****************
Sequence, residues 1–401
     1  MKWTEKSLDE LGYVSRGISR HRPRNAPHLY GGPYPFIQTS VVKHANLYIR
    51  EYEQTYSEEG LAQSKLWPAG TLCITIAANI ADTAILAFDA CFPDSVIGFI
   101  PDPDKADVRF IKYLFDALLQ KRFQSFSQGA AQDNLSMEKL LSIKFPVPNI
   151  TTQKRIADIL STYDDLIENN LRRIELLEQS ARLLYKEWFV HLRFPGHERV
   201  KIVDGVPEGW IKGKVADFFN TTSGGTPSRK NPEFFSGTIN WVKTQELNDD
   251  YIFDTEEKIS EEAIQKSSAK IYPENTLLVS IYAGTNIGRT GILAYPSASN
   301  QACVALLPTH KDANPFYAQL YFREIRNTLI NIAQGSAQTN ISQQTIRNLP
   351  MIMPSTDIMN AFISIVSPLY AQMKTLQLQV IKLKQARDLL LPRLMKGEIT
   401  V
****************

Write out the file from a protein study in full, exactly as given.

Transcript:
Sequence, residues 1–401
     1  MKWTEKSLDE LGYVSRGISR HRPRNAPHLY GGPYPFIQTS VVKHANLYIR
    51  EYEQTYSEEG LAQSKLWPAG TLCITIAANI ADTAILAFDA CFPDSVIGFI
   101  PDPDKADVRF IKYLFDALLQ KRFQSFSQGA AQDNLSMEKL LSIKFPVPNI
   151  TTQKRIADIL STYDDLIENN LRRIELLEQS ARLLYKEWFV HLRFPGHERV
   201  KIVDGVPEGW IKGKVADFFN TTSGGTPSRK NPEFFSGTIN WVKTQELNDD
   251  YIFDTEEKIS EEAIQKSSAK IYPENTLLVS IYAGTNIGRT GILAYPSASN
   301  QACVALLPTH KDANPFYAQL YFREIRNTLI NIAQGSAQTN ISQQTIRNLP
   351  MIMPSTDIMN AFISIVSPLY AQMKTLQLQV IKLKQARDLL LPRLMKGEIT
   401  V